ERIC Number: ED362620
Record Type: RIE
Publication Date: 1990-Dec
Reference Count: N/A
Hmong Concepts of Parenthood and the Family in the United States.
Hughes, Mary Katherine
The cultural values of Hmong parents in the Hmong community of Spokane (Washington) are described and interpreted. The perceptions of Hmong refugee mothers and fathers resettled in the United States are examined with regard to the family and their roles as parents. The cultural values of the Laotian Hmong are also examined prior to and during the Laotian Civil War, with an emphasis on the cultural patterns vested in the Hmong family. Approximately 70 families and 400 individuals made up Spokane's Hmong community in 1989. More than 30 parents responded to a survey about parenting. Parent values in this community vary by education level, fluency in English, and age, with the oldest parents the most traditional, and the youngest parents the most acculturated. Lack of financial resources is an overriding problem for the Hmong, complicated by cultural changes brought on by immigration, such as less child-rearing assistance than the traditional family provided. The expectations of Hmong parents differ from those of Anglo-American parents, particularly in areas of sex role and children's respect toward parents. The Hmong frequently believe in corporal punishment, but there is evidence that some Hmong parents are changing their parenting styles as they and their children adjust to the United States. Appendix A contains the parent survey in English and Hmong, and Appendix B discusses some Hmong concepts and traditions. (Contains 107 references.) (SLD)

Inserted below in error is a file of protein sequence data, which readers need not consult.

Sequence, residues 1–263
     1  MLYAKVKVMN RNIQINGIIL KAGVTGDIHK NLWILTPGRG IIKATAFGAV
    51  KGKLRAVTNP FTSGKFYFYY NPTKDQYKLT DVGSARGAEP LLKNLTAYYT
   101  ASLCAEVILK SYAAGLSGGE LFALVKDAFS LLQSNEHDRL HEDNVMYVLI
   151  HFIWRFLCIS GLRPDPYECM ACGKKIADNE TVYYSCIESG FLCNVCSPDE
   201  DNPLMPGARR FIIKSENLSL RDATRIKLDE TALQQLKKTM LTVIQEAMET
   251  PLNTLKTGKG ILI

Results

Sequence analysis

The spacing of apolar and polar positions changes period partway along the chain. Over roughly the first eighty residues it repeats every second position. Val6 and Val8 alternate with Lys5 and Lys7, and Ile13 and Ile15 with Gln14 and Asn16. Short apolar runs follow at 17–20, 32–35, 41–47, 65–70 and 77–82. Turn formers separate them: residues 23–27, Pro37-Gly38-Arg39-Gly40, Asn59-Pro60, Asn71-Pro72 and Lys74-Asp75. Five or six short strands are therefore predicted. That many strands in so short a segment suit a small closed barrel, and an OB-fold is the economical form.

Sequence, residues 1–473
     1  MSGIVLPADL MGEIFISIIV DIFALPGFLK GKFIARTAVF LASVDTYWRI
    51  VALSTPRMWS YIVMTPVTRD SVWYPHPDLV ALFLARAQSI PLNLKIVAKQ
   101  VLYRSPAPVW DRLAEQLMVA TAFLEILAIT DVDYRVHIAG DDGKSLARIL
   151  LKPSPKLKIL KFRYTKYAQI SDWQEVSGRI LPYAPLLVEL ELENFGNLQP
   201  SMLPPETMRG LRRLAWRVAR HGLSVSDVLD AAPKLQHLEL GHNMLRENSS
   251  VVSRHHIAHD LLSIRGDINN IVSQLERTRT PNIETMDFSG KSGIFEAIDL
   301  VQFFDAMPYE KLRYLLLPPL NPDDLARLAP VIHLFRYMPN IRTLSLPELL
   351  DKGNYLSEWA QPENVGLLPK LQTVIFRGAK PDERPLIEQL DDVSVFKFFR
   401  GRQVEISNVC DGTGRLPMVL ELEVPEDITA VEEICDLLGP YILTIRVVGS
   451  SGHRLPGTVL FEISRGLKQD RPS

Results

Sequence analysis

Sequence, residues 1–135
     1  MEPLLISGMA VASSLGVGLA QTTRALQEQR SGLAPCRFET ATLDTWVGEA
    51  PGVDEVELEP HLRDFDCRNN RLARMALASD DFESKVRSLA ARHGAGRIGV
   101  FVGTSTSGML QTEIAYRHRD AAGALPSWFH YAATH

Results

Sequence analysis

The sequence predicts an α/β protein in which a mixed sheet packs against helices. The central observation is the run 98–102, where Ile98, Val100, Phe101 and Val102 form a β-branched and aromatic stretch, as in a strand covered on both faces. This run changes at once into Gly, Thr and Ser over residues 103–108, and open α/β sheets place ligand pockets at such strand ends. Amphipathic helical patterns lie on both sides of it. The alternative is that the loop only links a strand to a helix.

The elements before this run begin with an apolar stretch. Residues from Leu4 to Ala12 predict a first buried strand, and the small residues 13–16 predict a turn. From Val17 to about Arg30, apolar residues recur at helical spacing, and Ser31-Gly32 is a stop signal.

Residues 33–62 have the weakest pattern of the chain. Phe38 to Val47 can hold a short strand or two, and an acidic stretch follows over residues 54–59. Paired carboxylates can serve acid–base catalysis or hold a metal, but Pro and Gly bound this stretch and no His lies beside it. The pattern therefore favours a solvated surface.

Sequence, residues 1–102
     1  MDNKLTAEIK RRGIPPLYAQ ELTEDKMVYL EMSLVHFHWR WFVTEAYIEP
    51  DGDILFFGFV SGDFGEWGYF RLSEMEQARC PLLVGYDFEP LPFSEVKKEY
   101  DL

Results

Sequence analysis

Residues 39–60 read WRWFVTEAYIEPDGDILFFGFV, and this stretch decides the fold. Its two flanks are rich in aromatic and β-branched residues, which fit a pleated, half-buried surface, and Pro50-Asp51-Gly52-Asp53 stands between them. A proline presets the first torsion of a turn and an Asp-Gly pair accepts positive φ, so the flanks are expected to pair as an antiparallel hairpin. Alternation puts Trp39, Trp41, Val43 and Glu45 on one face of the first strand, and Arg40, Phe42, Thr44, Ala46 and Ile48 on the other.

Publication Type: Dissertations/Theses - Masters Theses; Tests/Questionnaires
Education Level: N/A
Authoring Institution: N/A
Identifiers: Parent Surveys; Washington (Spokane)
Note: Master's Thesis, Washington State University.